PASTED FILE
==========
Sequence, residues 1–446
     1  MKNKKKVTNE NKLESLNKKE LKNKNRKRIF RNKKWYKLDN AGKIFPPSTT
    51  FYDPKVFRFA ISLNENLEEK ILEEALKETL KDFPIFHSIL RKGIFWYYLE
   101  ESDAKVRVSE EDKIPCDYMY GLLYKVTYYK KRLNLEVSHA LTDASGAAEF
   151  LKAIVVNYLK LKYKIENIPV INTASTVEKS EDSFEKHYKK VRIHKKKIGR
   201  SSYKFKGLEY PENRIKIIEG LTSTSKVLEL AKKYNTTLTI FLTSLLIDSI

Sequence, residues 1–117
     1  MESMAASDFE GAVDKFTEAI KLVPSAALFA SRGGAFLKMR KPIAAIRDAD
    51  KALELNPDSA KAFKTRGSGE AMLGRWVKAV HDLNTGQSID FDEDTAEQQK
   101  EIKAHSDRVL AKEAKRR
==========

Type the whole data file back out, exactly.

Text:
Sequence, residues 1–446
     1  MKNKKKVTNE NKLESLNKKE LKNKNRKRIF RNKKWYKLDN AGKIFPPSTT
    51  FYDPKVFRFA ISLNENLEEK ILEEALKETL KDFPIFHSIL RKGIFWYYLE
   101  ESDAKVRVSE EDKIPCDYMY GLLYKVTYYK KRLNLEVSHA LTDASGAAEF
   151  LKAIVVNYLK LKYKIENIPV INTASTVEKS EDSFEKHYKK VRIHKKKIGR
   201  SSYKFKGLEY PENRIKIIEG LTSTSKVLEL AKKYNTTLTI FLTSLLIDSI

Sequence, residues 1–117
     1  MESMAASDFE GAVDKFTEAI KLVPSAALFA SRGGAFLKMR KPIAAIRDAD
    51  KALELNPDSA KAFKTRGSGE AMLGRWVKAV HDLNTGQSID FDEDTAEQQK
   101  EIKAHSDRVL AKEAKRR